Central to this, an enormous area of re-claimed land on the edge of the CBD is being turned into a gleaming holiday and gambling resort, with the distinctive design of the Marina Bay Sands complex being its showpiece building. The building consists of three adjacent skyscrapers topped with a boat-shaped structure that spans the three of them – with a hotel, a massive infinity pool and an observation deck up the top.
Our mission today was to explore this remarkable addition to Singapore's skyline.
So, we caught the super-efficient metro system to Marina Bay Sands, and emerged into one of the most luxurious shopping malls I've ever been to. I'd have thought that if there was one thing that Singapore didn't need, it was any more shopping malls; but the developers here obviously have confidence in the capacity of the locals and the tourists to spend ever large amounts of money on luxury goods.
As you walked around these sparklingly opulent new developments, there really were no indications that the world was in the grip of a global recession – Singapore seems to be doing very nicely on the back of the expanding Chinese economy. We bought our tickets and caught the lift up to the top, and emerged onto a wide viewing deck with some fabulous views over Singapore's impressive skyline. It was a cloudy day, so we couldn't see as far Indonesia, but the views over the expanding city below us were excellent.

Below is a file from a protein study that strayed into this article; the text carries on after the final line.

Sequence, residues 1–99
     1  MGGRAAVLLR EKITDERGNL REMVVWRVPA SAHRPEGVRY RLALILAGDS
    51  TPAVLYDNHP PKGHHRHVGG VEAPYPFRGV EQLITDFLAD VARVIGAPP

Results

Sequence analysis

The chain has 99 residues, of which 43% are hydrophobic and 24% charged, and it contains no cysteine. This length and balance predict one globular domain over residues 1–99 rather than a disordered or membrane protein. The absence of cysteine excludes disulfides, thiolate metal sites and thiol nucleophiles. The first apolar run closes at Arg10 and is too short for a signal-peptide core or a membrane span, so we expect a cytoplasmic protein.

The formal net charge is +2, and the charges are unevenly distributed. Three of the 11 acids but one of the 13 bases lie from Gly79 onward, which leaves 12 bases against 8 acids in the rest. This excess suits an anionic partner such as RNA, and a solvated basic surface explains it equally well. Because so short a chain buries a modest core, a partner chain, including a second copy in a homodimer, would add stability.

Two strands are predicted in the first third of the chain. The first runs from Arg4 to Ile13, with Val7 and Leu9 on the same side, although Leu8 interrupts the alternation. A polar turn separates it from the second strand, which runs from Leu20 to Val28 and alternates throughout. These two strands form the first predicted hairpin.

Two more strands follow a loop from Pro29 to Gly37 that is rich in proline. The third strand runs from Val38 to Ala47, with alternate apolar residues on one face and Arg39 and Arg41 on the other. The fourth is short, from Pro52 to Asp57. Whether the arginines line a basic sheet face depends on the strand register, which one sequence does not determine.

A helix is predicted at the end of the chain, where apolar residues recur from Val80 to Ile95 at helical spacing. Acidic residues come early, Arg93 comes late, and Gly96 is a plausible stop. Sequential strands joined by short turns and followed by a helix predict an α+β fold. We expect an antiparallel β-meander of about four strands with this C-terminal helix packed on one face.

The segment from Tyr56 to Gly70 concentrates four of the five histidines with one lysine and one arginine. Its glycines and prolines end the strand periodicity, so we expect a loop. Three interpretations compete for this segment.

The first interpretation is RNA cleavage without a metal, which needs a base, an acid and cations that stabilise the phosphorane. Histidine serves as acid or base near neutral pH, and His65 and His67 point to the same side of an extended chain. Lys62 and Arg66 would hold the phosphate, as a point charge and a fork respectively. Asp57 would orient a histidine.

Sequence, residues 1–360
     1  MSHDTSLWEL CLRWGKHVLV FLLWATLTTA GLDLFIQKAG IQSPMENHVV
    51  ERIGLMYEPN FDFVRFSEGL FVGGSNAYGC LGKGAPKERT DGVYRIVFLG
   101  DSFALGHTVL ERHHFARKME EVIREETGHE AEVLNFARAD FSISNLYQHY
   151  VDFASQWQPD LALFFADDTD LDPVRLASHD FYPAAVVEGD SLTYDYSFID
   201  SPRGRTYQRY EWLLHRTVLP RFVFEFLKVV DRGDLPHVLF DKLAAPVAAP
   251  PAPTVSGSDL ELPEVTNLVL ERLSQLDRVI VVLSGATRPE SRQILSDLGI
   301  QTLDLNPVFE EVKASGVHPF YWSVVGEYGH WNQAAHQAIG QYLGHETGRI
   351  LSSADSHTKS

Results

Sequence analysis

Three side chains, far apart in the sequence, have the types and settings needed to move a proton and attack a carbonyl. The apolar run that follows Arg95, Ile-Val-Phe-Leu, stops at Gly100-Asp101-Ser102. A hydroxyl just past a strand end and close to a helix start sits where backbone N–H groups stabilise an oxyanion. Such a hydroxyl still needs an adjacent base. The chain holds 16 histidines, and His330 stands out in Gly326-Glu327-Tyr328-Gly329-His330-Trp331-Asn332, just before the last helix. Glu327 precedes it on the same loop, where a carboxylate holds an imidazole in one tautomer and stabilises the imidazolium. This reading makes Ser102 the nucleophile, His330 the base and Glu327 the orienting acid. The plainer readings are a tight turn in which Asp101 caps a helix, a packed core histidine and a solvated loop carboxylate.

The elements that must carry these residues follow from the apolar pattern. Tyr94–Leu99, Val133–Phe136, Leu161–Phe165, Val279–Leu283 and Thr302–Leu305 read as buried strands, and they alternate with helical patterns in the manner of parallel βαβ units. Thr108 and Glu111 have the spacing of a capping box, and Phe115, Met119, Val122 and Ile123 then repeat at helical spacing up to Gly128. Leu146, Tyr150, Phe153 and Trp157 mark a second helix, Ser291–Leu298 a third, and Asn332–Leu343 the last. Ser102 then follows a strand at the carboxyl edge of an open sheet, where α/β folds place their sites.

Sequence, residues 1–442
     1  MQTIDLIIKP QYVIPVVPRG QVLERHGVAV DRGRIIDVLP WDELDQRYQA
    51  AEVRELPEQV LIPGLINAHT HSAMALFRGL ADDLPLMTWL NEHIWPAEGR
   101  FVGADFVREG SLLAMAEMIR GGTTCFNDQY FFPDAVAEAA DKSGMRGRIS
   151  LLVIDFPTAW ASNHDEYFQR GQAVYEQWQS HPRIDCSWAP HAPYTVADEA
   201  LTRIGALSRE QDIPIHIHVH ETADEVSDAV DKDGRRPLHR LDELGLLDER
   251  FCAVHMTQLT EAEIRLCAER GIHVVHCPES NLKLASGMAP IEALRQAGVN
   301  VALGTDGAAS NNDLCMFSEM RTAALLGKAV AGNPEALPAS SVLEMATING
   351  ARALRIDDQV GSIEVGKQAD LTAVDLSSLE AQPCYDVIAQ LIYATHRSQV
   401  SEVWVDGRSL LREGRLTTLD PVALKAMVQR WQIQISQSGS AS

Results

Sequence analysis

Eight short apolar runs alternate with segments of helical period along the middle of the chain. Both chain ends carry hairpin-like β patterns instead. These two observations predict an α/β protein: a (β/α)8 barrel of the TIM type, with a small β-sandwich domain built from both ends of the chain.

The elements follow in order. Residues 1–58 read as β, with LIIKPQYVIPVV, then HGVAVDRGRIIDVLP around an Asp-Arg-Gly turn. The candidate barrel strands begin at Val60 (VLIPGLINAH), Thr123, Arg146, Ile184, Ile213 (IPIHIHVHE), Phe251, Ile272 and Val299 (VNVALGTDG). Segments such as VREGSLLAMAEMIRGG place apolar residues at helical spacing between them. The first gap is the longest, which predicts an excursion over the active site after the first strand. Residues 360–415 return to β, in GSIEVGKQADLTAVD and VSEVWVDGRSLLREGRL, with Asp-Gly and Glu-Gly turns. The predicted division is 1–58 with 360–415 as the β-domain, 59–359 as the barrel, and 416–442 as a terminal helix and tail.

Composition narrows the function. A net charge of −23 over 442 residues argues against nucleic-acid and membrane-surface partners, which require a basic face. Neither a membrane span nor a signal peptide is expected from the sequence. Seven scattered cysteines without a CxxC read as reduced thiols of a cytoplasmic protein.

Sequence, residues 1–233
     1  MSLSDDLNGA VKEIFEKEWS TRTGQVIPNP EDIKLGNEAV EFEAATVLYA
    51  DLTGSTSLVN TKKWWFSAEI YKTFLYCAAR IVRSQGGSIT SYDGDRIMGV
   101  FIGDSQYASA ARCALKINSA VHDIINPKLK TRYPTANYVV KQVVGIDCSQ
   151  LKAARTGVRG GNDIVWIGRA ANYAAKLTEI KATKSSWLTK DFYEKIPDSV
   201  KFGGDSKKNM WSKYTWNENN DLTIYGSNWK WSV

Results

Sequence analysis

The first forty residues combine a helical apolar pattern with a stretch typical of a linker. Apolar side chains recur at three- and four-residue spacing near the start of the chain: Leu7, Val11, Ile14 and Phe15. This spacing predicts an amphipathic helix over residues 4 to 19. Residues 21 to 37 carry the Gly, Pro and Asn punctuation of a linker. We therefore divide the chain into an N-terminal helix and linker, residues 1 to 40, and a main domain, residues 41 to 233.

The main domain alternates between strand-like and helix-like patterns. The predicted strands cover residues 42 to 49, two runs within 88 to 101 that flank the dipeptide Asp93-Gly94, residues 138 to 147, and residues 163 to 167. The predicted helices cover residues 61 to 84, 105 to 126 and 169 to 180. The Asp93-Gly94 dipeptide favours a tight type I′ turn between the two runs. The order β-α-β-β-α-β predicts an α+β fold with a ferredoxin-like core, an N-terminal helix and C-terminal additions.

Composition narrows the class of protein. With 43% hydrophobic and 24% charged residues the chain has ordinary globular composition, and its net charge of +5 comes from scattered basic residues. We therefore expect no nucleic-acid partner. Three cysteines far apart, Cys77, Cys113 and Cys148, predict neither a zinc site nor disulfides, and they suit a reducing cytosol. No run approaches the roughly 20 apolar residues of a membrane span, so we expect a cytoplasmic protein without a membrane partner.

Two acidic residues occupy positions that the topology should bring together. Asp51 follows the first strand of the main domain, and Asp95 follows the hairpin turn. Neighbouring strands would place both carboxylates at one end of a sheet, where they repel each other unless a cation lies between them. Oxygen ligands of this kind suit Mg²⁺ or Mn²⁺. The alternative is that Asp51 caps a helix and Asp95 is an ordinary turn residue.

From here, we walked along the impressive new Helix Bridge across the Singapore River which gave plenty of photo opportunities of the building we'd just scaled, and along the waterfront, there were more examples of the city's imaginative space-age buildings, interspersed with the odd colonial building to remind us of times gone by.
After this, we went on a trip to Orchard Road to visit the Tangs department store there, stopping on the way at a huge food court with a bewildering array of food stalls to choose from. Tracy's choice was the slimiest noodle dish ever, which was utterly impossible to eat with chopsticks as the noodles kept on sliding off – no wonder the Chinese are so slim.
On our way back to the ship, we stopped at the enormous Vivo City Mall next to the terminal – on a busy Saturday afternoon, it was absolutely packed with shoppers, and most particularly, packed with screaming kids who all seemed to be having simultaneous tantrums. For a non-shopper, it was my idea of hell, and even Tracy's shopping list got truncated pretty quickly when faced with this sensory overload.
Judging by the packed shops and the expanding skyline, Singapore is in pretty good health.